Learn from my mistake: don't start this book shortly before bedtime.
In a small village in northern England, Samantha Northrup is awakened in the middle of the
night. A stranger demands that Samantha give him the keys to the Ayleborough family
burial vault. Samantha's late father was the church vicar, and she is still residing in the
vicarage. She refuses to let him in without permission from the duke of Ayleborough, but
he grabs the keys and lets himself in.
Yale Carderock was deeply shaken when he learned that his father, the fourth duke, died
the previous year. He is grieved to see the marble marker confirming it. Even more
distressing is his discovery of the marker for Yale Aethelred Carderock, 1776-1799? – it is
now 1806. For years his family has believed him dead.
Samantha gives him details of the family black sheep, his disinheritance, his disappearance,
and eventual demise. Yale is stunned to learn that Samantha as the vicar's daughter was the
only one who attended his funeral. No one had attended his funeral? He had waited to
return home to prove his worth to his father, but now it is too late.
He takes a room at the inn, giving the name of Marvin Browne. During the night he
becomes ill with influenza. Samantha has been acting as the only thing close to a doctor for
the village. The innkeeper insists that the sick man not stay under his room and has him
moved to the vicarage.
Samantha nurses the gravely ill man and saves his life. She is talking with several village women who have come to call when he awakens. He comes into the kitchen dressed only
in a bed sheet. The women are naturally horrified. Because he has been in Miss Northrup's presence without clothes, the villagers insist that Mr. Browne marry her. Both of them insist that there is no need, but the villagers are adamant and Marvin Browne is given no choice.
It's after their wedding and wedding night (when the floorboards shook) when his brother,
the present duke, arrives that the truth of Yale's identity is revealed. An already difficult situation is about to become worse.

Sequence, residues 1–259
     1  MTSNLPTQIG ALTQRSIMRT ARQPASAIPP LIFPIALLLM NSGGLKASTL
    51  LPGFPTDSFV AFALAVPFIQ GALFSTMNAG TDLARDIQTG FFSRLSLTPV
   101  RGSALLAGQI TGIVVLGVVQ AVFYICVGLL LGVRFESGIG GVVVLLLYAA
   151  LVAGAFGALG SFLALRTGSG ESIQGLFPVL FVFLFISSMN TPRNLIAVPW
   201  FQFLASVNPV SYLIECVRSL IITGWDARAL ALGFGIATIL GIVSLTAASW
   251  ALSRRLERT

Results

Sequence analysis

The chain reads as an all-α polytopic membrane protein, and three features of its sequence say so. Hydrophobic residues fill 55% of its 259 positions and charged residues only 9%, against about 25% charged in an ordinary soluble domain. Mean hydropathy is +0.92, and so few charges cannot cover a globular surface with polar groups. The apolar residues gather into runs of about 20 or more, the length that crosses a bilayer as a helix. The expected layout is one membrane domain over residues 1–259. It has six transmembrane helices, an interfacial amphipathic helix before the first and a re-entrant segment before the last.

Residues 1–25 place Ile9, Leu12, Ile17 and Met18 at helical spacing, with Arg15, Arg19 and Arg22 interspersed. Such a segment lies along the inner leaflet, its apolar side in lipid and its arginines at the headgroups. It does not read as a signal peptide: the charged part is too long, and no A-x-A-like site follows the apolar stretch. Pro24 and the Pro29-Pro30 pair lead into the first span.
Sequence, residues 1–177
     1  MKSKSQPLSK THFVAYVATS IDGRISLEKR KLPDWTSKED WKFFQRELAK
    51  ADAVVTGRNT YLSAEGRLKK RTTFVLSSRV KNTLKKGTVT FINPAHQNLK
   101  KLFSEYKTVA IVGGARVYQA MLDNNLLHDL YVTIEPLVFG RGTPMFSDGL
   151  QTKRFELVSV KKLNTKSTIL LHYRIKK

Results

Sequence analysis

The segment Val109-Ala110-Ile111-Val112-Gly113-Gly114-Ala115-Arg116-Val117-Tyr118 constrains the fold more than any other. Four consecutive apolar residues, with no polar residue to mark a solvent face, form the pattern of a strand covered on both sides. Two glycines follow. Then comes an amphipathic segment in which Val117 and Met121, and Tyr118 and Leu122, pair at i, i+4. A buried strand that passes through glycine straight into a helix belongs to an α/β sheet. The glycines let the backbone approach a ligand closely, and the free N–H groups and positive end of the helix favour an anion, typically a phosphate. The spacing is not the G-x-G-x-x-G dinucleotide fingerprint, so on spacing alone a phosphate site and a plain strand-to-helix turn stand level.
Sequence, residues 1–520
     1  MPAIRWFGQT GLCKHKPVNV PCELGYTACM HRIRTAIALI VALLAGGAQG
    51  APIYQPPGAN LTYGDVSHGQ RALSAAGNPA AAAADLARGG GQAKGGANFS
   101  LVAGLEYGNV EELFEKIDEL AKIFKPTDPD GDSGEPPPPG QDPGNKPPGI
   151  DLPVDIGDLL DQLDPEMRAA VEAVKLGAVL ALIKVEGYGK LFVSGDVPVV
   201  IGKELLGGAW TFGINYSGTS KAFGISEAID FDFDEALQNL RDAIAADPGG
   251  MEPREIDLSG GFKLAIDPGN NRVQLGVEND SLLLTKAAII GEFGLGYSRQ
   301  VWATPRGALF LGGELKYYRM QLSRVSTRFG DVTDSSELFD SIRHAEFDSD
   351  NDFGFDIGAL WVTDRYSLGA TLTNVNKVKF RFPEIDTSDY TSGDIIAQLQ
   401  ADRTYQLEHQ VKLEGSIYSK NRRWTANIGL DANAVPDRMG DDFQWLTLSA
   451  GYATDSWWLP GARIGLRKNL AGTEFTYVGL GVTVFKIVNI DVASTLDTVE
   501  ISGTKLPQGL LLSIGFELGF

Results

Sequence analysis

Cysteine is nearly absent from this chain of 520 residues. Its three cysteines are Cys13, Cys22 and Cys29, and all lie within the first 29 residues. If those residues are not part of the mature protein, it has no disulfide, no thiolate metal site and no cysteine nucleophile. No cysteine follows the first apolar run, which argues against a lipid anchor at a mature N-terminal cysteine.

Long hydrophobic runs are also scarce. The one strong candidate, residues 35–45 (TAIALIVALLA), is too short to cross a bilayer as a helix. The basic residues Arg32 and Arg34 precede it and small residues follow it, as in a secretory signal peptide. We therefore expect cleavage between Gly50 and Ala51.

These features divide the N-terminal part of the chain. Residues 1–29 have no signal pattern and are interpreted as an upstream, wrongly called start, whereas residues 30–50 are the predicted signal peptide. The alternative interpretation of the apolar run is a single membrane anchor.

I started this book when I had less than half an hour before my bedtime. Bad idea. There is
no "good stopping point." I was immediately engrossed. The blurb on the first page didn't prepare me for the true nature of this book. Not only are the characters appealing and the
story original, but the tone of the writing strikes a rare balance between seriousness and
Yale and Samantha are the type of characters that only the best romances do well – the mismatched lovers who are perfect for each other. Yale's not your typical tall, dark, and
tortured hero, and Samantha's not your usual self-effacing vicar's daughter. Yale is the
reprobate son who desperately wants the acceptance and approval of the family that he'd
deny he cared about with his last breath. Samantha is a lonely woman who desperately
wants a loving family but knows it will never happen. Yale is surprised to discover that this aging spinster is in fact an eager and responsive bed partner. Samantha finds that she likes
the name Marvin. Their mutual discovery is both tender and funny.
Other characters are also well-drawn. They're more than stock figures merely providing
plot complications for the hero and heroine. They're also a source for much of the
delightful humor in the story.
When Yale's brother shows up, I was expecting the plot to follow a predictable pattern –
lots of yelling, accusations, and separations. The scene that follows is fortunately much
more inventive. That's the pattern of much of the novel – it's not just another version of the
same old thing. The basic plot might be familiar – forced wedding between near-strangers –
but Ms. Maxwell has created a refreshingly new treatment. This is a charming story with delightful characters that will leave you smiling.
I recommend Because of You enthusiastically and strongly advise that you begin it
(unlike me) when you have ample time for reading. You won't want to put it down